With due apologies to Dr. Seuss, many species of the world’s fish are in serious decline. Nature magazine reports that populations of swordfish, tuna, sharks and similar large predators have dropped by as much as 90%. Reckless over-fishing and pollution have laid waste to large areas of the planet’s marine life. In the U. S. fifty-four species are classified as over-fished, 45 are experiencing over-fishing and just over half of the nation's stocks remain in an uncertain status. Unless current practices change, by mid-century the journal Science reports commercial harvests of many species could collapse to 10 % of their historical highs.

Grim as the picture is, it is not hopeless and our history of mismanagement can be reversed. Here are ways to remedy this tragic free-fall, both by our institutions and ourselves. Actions by government and non government organizations:

  • Create marine reserves that are off limits to all forms of human activity other than passive observation or scientific study. These would be similar to land based wildlife refuges.

  • Support Limited Access Privilege Programs (LAPPS), whereby fishermen participate in a managed system where they each can catch an allotted amount of fish based on a scientifically-determined, fully enforced limit on the total number of fish caught and landed. Both The Wall Street Journal and The New York Times have endorsed the idea and in the Gulf of Mexico’s Red Snapper fishery, fishermen voted in favor of the program by an overwhelming 87%.

  • Establish controls on by-catch — the unintentional killing of fish and other ocean life.

  • Prohibit fishing via huge ocean-floor dredges.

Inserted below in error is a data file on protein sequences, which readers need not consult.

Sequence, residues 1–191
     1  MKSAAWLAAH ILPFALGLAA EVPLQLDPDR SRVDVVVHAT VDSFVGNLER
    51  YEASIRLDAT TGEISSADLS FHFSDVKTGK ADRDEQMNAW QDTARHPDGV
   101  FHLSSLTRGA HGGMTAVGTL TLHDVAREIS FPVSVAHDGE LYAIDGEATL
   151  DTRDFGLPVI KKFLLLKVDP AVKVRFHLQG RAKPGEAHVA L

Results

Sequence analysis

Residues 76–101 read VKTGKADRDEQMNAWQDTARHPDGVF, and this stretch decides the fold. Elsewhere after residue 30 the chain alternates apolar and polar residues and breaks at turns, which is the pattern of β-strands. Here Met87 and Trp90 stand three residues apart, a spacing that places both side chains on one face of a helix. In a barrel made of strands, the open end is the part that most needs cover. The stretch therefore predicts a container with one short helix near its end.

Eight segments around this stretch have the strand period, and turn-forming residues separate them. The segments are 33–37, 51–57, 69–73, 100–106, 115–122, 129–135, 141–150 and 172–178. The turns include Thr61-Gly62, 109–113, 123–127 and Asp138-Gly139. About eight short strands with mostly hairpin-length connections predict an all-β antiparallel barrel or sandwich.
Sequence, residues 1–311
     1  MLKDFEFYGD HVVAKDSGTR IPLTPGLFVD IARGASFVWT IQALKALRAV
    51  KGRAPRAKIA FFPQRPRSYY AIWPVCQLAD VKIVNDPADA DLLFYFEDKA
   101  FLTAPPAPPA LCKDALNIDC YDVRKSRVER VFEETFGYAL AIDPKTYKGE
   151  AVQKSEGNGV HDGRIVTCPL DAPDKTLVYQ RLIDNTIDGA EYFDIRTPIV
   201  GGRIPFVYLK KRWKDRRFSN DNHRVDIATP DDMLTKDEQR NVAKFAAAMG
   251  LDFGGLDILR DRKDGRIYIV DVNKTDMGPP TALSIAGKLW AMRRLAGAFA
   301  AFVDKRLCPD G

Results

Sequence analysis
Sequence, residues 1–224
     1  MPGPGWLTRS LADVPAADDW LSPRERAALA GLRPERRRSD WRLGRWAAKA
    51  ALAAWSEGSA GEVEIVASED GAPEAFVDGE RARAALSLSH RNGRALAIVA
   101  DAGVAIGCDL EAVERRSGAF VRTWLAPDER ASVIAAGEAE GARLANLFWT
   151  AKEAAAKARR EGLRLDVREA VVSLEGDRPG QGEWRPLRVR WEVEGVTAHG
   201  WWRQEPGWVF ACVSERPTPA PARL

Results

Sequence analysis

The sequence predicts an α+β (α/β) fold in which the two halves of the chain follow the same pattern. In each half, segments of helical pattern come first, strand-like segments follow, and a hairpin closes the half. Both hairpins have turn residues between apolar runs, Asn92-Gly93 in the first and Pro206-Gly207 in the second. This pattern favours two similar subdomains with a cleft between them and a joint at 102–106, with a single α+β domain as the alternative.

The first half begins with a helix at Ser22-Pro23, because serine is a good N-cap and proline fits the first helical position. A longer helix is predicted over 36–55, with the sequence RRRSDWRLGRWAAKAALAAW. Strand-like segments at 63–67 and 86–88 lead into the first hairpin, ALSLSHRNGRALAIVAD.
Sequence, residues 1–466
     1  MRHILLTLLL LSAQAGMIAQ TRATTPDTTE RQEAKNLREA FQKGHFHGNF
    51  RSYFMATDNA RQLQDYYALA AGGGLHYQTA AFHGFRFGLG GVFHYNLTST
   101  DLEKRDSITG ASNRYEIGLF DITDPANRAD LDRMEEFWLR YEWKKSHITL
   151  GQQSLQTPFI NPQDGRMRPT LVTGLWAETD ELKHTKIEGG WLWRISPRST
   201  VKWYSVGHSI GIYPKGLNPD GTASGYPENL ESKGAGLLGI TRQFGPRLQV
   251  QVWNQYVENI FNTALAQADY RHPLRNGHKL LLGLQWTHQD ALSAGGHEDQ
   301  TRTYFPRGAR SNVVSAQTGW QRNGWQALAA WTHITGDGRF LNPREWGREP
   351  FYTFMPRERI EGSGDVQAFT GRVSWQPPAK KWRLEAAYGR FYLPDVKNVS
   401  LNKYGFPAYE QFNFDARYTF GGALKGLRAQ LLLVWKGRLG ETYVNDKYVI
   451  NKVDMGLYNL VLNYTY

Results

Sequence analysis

• Encourage the National Marine Fisheries Service to require a moratorium on commercial take of threatened or endangered species where none exist.

Actions we can take as individuals:

  • Make your seafood choices fish that are abundant, come from well-managed fisheries, or are caught or farmed in environmentally sound ways. These include several species of farmed fish including Arctic Char, Catfish, Clams, Mussels, Oysters, Stone Crab, Striped Bass, and Tilapia to name a few. Wild caught Alaskan Halibut and Salmon are excellent, and line caught Albacore and Skipjack Tuna are also good. For a complete list see 

  • Try to avoid trawler caught fish. These ships are so large they can take well over 200 tons of fish from the ocean floor in one sweep. Ask for the many species of fish that are still caught by small nets, line or pot. Seafood markets may soon begin to display signs like ‘line caught’, especially if consumers begin asking.

  • Many species of fish should be shunned, like Chilean Seabass, Atlantic Cod and Salmon, imported King Crab, Orange Roughy, Sharks and Bluefin Tuna. The above link lists these as well.

  • Eat fish lower on the marine food chain, including smaller species such as clams, oysters, mollusks, anchovies, and sardines. Smaller species are less endangered because they are more abundant, reproduce faster, and consume even tinier ocean life themselves.